People will, sometimes, very confidently state things they have no way of knowing. I'm not saying they make mistakes – we all make mistakes – but they'll say things essentially randomly. When they do this with confidence, it's time to just ignore everything they say for a while. Let them develop more trustworthiness, and in the meantime, chuck everything they say into the garbage.
The classic example of this is the 14-point spread in the 2010 survey about gays serving openly in the military vs homosexuals serving openly in the military. At least 14% of Americans were confused by the question, and should be ignored. But a similar effect is seen in a survey of expert opinions about the future of Artificial Intelligence.
In fact, only having 14% of people being confused (while an underestimate from the survey) is amazing compared to this survey of experts in their field. On average, they think (with huge error bars, but, ya know, of course) it will take 45 years (some of which has since elapsed) for machines to be able to do every task better and more cheaply than human workers, but 122 years for machines to do every task in every occupation... this is stone cold nonsense, obviously. And some of this is altered by the error bars, which are huge, and compounded by about 1/4 of the experts who don't think either event is likely any time soon at all, so medians and 50% cumulative probabilities skew upwards easier than downwards. But none of that explains the error – merely why, if people were answering randomly, the error would be that big.
But answering randomly is not appropriate! Not even for estimations and guesses! Imagine an actual state of the world, have an actual opinion, or don't offer it, and certainly don't offer it under the guise of a recognized and published expert in the topic.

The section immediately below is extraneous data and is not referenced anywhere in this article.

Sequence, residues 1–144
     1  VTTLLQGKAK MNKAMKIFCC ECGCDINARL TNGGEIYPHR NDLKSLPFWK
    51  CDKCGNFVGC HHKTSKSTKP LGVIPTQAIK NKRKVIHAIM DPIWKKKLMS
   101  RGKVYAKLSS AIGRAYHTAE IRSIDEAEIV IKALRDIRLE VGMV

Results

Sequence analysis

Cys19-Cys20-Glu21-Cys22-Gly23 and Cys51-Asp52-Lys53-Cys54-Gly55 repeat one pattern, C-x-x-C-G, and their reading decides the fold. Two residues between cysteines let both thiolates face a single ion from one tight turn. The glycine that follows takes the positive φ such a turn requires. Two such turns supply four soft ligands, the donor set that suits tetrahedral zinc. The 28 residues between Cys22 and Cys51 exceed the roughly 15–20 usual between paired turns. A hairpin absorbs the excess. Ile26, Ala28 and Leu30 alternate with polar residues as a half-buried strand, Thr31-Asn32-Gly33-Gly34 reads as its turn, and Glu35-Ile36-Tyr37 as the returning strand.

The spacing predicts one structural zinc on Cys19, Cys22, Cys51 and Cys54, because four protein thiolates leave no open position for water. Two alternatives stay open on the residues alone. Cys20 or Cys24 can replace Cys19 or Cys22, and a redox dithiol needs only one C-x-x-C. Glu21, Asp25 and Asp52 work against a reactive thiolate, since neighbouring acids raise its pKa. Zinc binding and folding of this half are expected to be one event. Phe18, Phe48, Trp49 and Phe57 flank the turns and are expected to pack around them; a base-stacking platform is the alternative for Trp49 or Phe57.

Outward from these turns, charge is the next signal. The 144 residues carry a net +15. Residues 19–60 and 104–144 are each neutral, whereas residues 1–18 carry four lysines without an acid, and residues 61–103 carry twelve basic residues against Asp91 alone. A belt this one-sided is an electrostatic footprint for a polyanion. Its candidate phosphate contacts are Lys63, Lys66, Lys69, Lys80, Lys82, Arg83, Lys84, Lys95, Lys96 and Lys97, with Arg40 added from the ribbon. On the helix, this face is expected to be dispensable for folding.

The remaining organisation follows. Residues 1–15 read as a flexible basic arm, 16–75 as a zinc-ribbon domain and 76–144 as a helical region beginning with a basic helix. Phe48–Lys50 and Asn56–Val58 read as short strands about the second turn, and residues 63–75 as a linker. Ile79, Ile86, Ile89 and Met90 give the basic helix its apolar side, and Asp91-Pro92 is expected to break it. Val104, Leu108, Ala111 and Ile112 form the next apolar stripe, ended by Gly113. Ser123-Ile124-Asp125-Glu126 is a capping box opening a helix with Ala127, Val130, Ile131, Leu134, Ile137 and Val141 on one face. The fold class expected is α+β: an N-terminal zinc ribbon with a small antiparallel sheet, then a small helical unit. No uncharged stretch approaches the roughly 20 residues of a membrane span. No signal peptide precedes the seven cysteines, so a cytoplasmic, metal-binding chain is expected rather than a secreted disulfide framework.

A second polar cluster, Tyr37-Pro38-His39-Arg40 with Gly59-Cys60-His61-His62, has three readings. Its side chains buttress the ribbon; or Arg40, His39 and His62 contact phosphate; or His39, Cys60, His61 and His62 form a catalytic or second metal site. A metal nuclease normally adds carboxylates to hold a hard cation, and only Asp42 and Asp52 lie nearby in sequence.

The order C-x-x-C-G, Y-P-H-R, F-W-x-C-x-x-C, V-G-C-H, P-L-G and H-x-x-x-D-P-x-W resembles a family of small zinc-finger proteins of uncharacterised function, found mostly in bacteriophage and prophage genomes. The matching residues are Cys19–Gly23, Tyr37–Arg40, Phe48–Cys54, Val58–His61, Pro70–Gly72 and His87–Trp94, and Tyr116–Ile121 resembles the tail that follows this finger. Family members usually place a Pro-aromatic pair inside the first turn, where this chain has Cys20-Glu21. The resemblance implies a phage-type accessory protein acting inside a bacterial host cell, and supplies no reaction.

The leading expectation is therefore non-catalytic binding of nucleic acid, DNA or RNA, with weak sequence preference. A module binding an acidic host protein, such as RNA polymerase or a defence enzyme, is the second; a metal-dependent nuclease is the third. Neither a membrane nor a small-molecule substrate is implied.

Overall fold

It would be far more appropriate to say that you don't know something, if you truly don't. Or to take the time to develop a guess about the future. Or say, it'd take me X hours to complete a first estimate. And then not do it, if you don't have the time or budget.
Perhaps I am crazy, or so used to the constraints of engineering, that hearing people mouth off and say impossible things makes me think "this group of people is so totally unreliable they cannot get their minds around a coherent guess". Literally less sensible than the failed apocalypse cults – at least they had a guess! As improbable as those predictions were, anything is more likely than a logical impossibility.
This is all by means of contextualizing: there's a strange culture war battle, a tiny proxy battle in some weird corners of the thinking world, about whether this topic deserves more attention, or more generally, whether it deserves more respect. Let me emphatically say: every single human is measured, in some sense, by their impact on the world. To choose a path with a low probability of making a big difference means you adopt that relationship with strangers as well. With high probability, you will be disrespected and ignored, because what you are doing is a waste of time. And if you do your work poorly, there isn't a way of getting credit for trying to do something important and failing.
I'm not sure why a baker deserves less dignity than a fancy researcher at Stanford. So everyone follows the same rules. We're all in this together.